While my school has dozens of hard-working, highly-effective, and empathetic teachers devoting hundreds of days to building them up, the students are torn back down every time they step onto the bus. I am here to tell you, first hand, that the tide is stronger than what we can build in eight hours. The tide is stronger than the education system.

If we want our masterpieces to stand tall and firm, the public education system must change. The social justice system must change. Our nation’s views on poverty, success, and everything in between must change. As long as we keep ignoring the issues that keep our impoverished students at a disadvantage, students and teachers will just have to continue to build sandcastles…that is, until we run out of sand.

My Photo Diary: Another Great NCCAT Experience!

Please bear with me as I indulge myself in some reflection on the awesome experience I had at NCCAT (North Carolina Center for the Advancement of Teaching) a few weeks ago. (I apologize for not publishing this blog post earlier…life happened.)

I was approached by Jonathan Wade (@NCCATWade) back in the fall of 2014 and was asked to deliver professional development (specifically, Middle Grades Math C & I) to some teachers from Caswell County, North Carolina. Without hesitating, I said “Sure!” We got the ball rolling in early December and, before I knew it, it was Super Bowl Sunday and I was on my way to the Cullowhee NCCAT campus for an amazing three days of math PD!

I spent weeks brainstorming for this 3-day workshop with Caswell County’s middle school math teachers. At first, I had no idea what I would need to bring to the table to help these teachers. I put myself into their shoes and asked myself, “What PD do I need as a middle school math teacher?” (Well, the answer to that question happens to be a long, long list.) But it wasn’t until I spoke with the lovely Elizabeth Standafer, one of Caswell County Schools directors, that I was able to put my finger on what these educators really needed:

  • Guidance in evaluating the standards (Critical Thinking)
  • The forum to communicate as grade-level teams and vertical teams
  • Uninterrupted time to create year-long pacing guides and outstanding assessments
  • A facilitator to guide teamwork and collaboration

I couldn’t believe it! The Four C’s! Once I realized that the Four C’s are just as critical to educators as they are to students, the rest of the planning was a piece of cake!

From: Conections Academy

Without further ado, here is my photo diary of my time at NCCAT with the amazing middle school math teachers of Caswell County Schools:

Woke up to a dark, cold and gloomy NC morning. (Pretty typical for a February morning.) Fortunately, we stayed warm inside NCCAT's headquarters!
Woke up to a dark, cold and gloomy NC morning. (Pretty typical for a February morning.) Fortunately, we stayed warm inside NCCAT’s headquarters!
We started off sharing our current Glows and Grows as educators.
We started off sharing our current Glows and Grows as educators.
We practiced team-building and collaboration with a Spaghetti-Marshmallow Tower Challenge!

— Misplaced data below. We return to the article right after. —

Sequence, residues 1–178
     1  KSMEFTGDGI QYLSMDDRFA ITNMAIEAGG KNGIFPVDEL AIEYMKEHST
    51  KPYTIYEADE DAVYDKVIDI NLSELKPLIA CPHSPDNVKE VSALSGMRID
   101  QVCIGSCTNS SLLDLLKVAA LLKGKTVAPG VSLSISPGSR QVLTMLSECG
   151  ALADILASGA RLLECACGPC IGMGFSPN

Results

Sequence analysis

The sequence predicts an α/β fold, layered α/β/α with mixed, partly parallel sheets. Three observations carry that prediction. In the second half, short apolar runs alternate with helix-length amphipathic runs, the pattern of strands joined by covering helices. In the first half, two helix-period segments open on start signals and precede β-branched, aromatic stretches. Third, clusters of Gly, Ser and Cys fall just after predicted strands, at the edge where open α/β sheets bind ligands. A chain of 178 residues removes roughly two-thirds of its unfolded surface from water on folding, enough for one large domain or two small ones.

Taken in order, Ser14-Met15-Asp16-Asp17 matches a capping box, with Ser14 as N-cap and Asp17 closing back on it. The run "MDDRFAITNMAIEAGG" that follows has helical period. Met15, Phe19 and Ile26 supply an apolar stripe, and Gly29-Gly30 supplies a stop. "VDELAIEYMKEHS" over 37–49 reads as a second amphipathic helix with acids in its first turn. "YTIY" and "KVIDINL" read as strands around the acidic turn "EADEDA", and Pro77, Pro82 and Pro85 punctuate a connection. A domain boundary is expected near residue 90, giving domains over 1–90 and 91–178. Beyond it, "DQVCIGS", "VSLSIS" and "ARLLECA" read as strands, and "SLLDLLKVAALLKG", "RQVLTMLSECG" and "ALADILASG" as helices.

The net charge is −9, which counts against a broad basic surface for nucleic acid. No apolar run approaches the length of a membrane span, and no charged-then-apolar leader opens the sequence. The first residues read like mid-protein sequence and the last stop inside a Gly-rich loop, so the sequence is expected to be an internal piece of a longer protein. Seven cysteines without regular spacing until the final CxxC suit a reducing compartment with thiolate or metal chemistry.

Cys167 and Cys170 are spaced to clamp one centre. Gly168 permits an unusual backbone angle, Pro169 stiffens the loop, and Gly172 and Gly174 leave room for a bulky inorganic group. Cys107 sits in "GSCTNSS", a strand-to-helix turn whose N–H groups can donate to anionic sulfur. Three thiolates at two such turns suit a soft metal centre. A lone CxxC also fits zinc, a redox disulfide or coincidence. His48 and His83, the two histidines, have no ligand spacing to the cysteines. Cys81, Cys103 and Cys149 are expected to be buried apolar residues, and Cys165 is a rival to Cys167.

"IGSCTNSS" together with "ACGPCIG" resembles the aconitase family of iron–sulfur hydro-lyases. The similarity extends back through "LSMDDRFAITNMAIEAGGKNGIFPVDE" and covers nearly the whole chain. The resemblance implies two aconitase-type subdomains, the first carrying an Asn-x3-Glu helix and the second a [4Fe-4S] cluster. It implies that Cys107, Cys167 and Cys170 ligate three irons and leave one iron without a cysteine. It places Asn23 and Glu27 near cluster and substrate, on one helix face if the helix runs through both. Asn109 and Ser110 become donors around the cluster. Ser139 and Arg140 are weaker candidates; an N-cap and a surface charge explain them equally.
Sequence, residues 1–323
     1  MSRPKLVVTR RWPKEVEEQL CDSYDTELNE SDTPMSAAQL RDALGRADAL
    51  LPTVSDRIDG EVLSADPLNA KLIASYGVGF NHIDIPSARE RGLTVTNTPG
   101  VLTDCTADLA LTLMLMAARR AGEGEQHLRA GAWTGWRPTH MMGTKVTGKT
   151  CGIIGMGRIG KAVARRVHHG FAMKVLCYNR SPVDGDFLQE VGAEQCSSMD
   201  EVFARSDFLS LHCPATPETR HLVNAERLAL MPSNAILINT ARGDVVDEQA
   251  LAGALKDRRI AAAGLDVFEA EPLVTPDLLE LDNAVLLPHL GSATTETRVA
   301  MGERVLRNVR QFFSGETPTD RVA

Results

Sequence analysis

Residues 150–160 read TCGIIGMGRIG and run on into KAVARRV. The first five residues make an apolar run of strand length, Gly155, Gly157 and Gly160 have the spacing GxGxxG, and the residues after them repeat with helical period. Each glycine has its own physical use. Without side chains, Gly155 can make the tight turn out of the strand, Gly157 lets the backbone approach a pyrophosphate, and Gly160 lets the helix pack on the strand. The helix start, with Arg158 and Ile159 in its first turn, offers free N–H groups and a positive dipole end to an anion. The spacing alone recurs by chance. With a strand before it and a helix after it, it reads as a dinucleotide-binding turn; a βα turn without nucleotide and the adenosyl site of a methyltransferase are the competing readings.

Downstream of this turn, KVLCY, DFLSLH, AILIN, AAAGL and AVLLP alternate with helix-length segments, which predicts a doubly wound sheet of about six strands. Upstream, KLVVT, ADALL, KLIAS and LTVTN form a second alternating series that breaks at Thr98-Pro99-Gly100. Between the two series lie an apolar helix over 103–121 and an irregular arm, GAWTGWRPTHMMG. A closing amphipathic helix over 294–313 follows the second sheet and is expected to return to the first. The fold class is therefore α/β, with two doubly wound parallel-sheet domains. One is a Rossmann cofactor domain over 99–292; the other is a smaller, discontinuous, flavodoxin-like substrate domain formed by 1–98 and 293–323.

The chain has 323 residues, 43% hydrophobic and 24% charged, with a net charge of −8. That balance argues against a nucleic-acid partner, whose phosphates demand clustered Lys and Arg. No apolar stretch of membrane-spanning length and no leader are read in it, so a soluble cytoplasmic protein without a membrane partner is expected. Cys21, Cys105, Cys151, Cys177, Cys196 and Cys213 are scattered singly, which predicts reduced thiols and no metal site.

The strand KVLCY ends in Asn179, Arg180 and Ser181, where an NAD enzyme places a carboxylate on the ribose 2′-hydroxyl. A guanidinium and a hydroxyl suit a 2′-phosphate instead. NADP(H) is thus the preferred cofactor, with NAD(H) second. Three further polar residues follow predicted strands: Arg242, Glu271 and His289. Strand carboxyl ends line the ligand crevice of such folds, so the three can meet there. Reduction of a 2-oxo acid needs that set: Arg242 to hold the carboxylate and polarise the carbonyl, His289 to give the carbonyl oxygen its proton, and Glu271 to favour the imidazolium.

We practiced team-building and collaboration with a Spaghetti-Marshmallow Tower Challenge!
Getting started with the tower creation...
Getting started with the tower creation…
Getting there!
Getting there!
All hands on deck!
All hands on deck!
After I spoke briefly about the Common Core, teachers got their hands dirty in evaluating ALL of the grade-level standards, and grouping them into cohesive units of study!
After I spoke briefly about the Common Core, teachers got their hands dirty in evaluating ALL of the grade-level standards, and grouping them into cohesive units of study!
After the teachers grouped their standards into  units, they began developing their year-long pacing guides.
After the teachers grouped their standards into units, they began developing their year-long pacing guides.
If you could change anything about education, what would you change?
Reflection Time: If you could change anything about education, what would you change?
More planning and assessment creation!
More planning and learning about assessment creation!
The best part about PD at NCCAT? Uninterrupted to COLLABORATE as a TEAM. This is extremely important to today's teachers!!
The best part about PD at NCCAT? Uninterrupted time to COLLABORATE as a TEAM. This is extremely important to today’s teachers!!
Teachers worked in vertical teams (Grades 6-12) to evaluate math standards beginning at the Kindergarten level! This was a special activity  for the teachers to engage themselves in.
Teachers worked in vertical teams (Grades 6-12) to evaluate math standards beginning at the Kindergarten level! This was a special activity for the teachers to participate in and discuss. 
Which standards are taught in Kindergarten? How do those standards serve as a foundation for what is taught in 1st grade and beyond?
Which standards are taught in Kindergarten? How do those standards serve as a foundation for what is taught in 1st grade and beyond?
One last opportunity to reflect and communicate: What was your BIGGEST take-away from NCCAT?
One last opportunity to reflect and communicate: What was your BIGGEST take-away from NCCAT?
BIGGEST TAKE-AWAY!
Most common take-away? The NEED for uninterrupted time to collaborate and plan!
They are fabulous...simply fabulous. Thanks for 3 great days of learning and growing as educators, Caswell County Middle School Math Teachers! You ROCK!
They are fabulous…simply fabulous. Thanks for 3 great days of learning and growing as educators, Caswell County Middle School Math Teachers! You ROCK!

Want some of the resources I shared with these teachers? CLICK HERE or go to the Math Resources tab up above.

My First Edcamp!!!!